May: Saltimbocca Alla Sorrentina

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Saltimbocca finish 3 with script

Buon giorno!

Sorrento is one of those towns that, once witnessed, becomes ingrained upon your psyche for ever more. My father, Attilio, spent the better part of his life whistling a song about this town to the point where we all wanted to reach for ear plugs. Did he not know another tune? Actually he did, but why resort to something inferior to whistling about paradise? He had it right. Once bitten by this place, and the Amalfi Coast in general, one is doomed forever to long for it. I call it the curse of Amalfi! Thus, as the song goes, “torna a surriento”.

Aside from the fragrant air, the sea, the people, the music – we must not overlook the food of this placeSALTIMBOCCA ALLA SORRENTINA may be one of those dishes that is as unforgettable as Sorrento itself. The sauce alone for this recipe will have you whistling about Sorrento just as Attilio did. It is so delicious you might consider doubling the ingredients and serving it with pasta! The kicker here – is that it is very easy and quick to make. What’s not to love here?

This particular version of Saltimbocca calls for pork tenderloin. This choice of meat is lean and tender, requiring very little cooking time. For pork, I always recommend the superior humanely raised Heritage Pork Tenderloins from Circle B Ranch! You can also substitute veal or chicken if you like, but I think pork tenderloin is perfectly suited to this preparation.

Although you will see recipes using prosciutto, I like the salami. It adds a level of flavor slightly sharper and seems to give the dish more depth.

I also recommend FRESH mozzarella for this, as it is creamy and melts so perfectly rather than what I refer to as the more commercial “plastic stuff”. We are fortunate that so many markets now carry the fresh so widely.

Finally, the Campari Tomatoes: These very sweet fresh tomatoes, which are usually offered in a box in our produce sections, are an excellent choice for this dish. Most important, they are available almost all year which enables you to make this recipe, perfectly every time, with the same sweet flavor. When you taste the sauce, you will understand immediately why I chose them.

This is an elegant dish, worthy of the most important of occasions – but easy enough to prepare for a weeknight dinner with family. Try it out on the patio on a balmy summer evening. Bellissima!

Saltimbocca Alla Sorrentina  – a dish made in heaven? NO – but one equally ethereal perhaps – a dish made in Sorrento!


Serves 4

Prep: 20 minutes

Cook: 25 minutes


8 Thin slices Pork Tenderloin (about 1 1/2 lb)

Flour seasoned with salt and pepper

2 Tbsp. Olive Oil

2 Tbsp. Butter

2 Cups Quartered Campari Tomatoes

3/4 Cup Dry Vermouth or Dry White Wine

1 1/2 Tsp. Oregano – dried

Salt and pepper to taste

2-3 Ounces Salami – your choice: hard, Milano, Genoa etc.

Grated Parmigiano-Reggiano cheese

8 ounces Fresh Mozzarella – sliced

Fresh Basil Leaves for garnish


Preheat oven to 350 degrees.

Heat the oil with the butter (melt) in a pan.

Slice your tenderloin starting at a mid point on top of the tenderloin thinly.


Dredge the slices in the seasoned flour.


Brown the pork slices on each side in the oil and butter.


Place them in a dish and keep warm.


In the same pan, add the tomatoes, oregano, salt and pepper, and wine – Cook about 5 minutes at a rapid simmer.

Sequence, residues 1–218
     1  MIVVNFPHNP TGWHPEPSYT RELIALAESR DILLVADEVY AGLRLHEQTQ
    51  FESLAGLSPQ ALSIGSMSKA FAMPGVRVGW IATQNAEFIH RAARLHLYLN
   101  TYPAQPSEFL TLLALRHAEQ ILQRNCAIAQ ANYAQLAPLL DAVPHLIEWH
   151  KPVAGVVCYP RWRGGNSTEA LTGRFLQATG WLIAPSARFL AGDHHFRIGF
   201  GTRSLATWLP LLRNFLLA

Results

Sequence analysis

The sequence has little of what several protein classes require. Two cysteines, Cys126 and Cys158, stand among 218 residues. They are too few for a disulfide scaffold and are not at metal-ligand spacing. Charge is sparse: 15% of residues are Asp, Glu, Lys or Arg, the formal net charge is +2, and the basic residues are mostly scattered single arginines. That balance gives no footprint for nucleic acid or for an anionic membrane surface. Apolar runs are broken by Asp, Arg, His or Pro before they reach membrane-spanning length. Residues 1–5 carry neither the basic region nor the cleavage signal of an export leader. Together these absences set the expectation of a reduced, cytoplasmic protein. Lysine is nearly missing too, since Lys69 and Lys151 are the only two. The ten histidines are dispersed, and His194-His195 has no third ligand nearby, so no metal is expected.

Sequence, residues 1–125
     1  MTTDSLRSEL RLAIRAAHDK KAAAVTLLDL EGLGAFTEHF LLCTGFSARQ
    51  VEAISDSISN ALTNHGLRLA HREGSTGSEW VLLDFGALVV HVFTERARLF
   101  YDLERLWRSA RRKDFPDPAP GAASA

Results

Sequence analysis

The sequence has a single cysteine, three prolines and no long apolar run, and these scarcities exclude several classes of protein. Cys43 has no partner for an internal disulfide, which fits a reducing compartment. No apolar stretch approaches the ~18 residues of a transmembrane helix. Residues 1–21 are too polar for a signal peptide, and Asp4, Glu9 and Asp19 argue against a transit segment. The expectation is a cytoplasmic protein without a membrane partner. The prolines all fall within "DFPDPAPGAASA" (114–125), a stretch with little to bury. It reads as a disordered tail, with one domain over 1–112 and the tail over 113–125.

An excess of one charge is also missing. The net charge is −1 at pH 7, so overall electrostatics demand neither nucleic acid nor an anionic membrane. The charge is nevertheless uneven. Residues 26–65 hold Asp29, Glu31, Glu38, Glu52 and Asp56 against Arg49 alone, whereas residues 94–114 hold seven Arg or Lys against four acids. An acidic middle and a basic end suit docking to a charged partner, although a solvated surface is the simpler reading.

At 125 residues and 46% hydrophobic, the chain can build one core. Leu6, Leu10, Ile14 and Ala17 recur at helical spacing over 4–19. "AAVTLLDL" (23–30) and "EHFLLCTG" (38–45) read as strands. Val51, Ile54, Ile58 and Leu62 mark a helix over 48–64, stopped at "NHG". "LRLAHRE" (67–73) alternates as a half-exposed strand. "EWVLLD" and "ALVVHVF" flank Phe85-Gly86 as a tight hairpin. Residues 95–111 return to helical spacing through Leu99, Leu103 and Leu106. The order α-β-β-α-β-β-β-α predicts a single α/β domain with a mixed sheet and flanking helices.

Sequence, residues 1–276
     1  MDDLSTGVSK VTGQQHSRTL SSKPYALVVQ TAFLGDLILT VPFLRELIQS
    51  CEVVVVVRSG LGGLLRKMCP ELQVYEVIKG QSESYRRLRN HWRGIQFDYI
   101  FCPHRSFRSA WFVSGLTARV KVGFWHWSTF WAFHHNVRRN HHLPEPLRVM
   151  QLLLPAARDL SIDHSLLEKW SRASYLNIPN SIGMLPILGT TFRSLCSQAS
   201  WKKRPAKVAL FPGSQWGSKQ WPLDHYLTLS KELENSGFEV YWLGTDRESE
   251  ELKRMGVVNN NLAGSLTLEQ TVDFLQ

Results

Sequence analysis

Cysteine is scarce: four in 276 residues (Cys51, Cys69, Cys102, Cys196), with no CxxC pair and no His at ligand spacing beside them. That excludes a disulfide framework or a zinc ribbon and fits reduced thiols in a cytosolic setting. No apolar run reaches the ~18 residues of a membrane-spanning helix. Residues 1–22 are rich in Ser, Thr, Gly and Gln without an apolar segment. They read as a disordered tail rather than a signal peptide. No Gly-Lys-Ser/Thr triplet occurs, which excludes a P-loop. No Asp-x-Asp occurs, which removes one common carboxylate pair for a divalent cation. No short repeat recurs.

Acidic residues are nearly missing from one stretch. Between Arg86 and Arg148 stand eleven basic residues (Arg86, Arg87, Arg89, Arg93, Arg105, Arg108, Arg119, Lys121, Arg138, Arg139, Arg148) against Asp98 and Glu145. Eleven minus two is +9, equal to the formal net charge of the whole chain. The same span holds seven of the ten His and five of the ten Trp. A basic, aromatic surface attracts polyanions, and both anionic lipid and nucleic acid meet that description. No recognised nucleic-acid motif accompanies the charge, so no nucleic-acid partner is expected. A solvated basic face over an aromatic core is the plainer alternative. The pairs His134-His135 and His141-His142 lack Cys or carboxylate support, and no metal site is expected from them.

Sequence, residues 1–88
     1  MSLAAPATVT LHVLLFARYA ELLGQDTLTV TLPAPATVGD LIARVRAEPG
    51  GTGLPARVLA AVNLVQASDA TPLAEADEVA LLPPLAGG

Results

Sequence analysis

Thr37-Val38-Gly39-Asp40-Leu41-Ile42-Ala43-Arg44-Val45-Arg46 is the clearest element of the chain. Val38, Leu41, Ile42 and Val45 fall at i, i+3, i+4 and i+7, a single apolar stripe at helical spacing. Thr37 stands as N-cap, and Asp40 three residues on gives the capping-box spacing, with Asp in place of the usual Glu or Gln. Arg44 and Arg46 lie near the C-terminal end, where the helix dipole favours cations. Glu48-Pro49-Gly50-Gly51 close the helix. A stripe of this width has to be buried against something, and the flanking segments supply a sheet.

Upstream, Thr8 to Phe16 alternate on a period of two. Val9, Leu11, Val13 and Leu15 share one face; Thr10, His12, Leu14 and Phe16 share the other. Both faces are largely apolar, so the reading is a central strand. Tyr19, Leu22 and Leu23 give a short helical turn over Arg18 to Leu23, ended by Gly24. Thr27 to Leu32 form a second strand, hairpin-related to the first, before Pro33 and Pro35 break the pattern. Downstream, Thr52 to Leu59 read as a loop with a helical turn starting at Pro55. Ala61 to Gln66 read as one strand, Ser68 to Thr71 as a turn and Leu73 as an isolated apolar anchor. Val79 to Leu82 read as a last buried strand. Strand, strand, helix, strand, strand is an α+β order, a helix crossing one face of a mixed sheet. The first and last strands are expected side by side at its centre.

Remove from heat and set aside.

Now place the slices of pork in a single layer in a baking dish or pan.

Top each pork slice with a slice or two of salami.


Sprinkle with the grated cheese.

Then place a slice of the fresh Mozzarella on top of the salami.


Bake at 350 degrees for about 15 minutes. The cheese should be very soft and melted.

Remove from the oven and spoon the lovely sauce on top – or plate each piece and add the sauce to the individual portions.

Garnish with fresh Basil Leaves – whole or chopped.

As the Neapolitans sing it – “Vide’o mare quant’è bello…”

My parting thought: My immediate choice for a wine pairing with SALTIMBOCCA ALLA SORRENTINA is Dolcetto. It has a lighter sense and somehow I feel a more delicate red is called for with this lovely dish. However, for those who look for a little more “heft” – the regional Aglianico of Campania is good choice as well as a Barbera d’Asti or even a Toscana.


Comments are welcome in the “Speak Your Mind Area” beneath this post online.




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  1. This recipe is creative with just the fight blend of flavors
    This is a welcome change to my usual pork and applesauce recipe .
    The recipe was easy to follow . It’s a recipe for a simple family dinner , or a small gathering .

  2. Tony Pilcher says:

    Sounds beautiful. Can’t wait to cook it.

  3. Frank Rossi says:

    I tried your “Pasta Cacio e Pepe recipe. I had my doubts, but it turned out to be fantastic. I will make this many more times.

    • Frank – I have heard so many folks wonder about this recipe – mostly because of the pepper. I am so happy to hear that you went ahead and tried it. It is one of the signature dishes from the region of Lazio – so simple yet so very special! Thank you for sharing your experience.

  4. Linda, I am going to go with your recommendation using salami. It’s my next dish!

    • Ralph – Hope you enjoy the recipe! Using salami is a bit of a different twist adding more flavor I think than the traditional prosciutto. Sorrento and the Amalfi area also tend to use more basil than sage which is another difference in this recipe from the more common preparations of Saltimbocca. Bottom line is – different regions of Italy change this and other dishes a bit, putting their own stamp on the dish. Gotta love the Italians – they always make it interesting!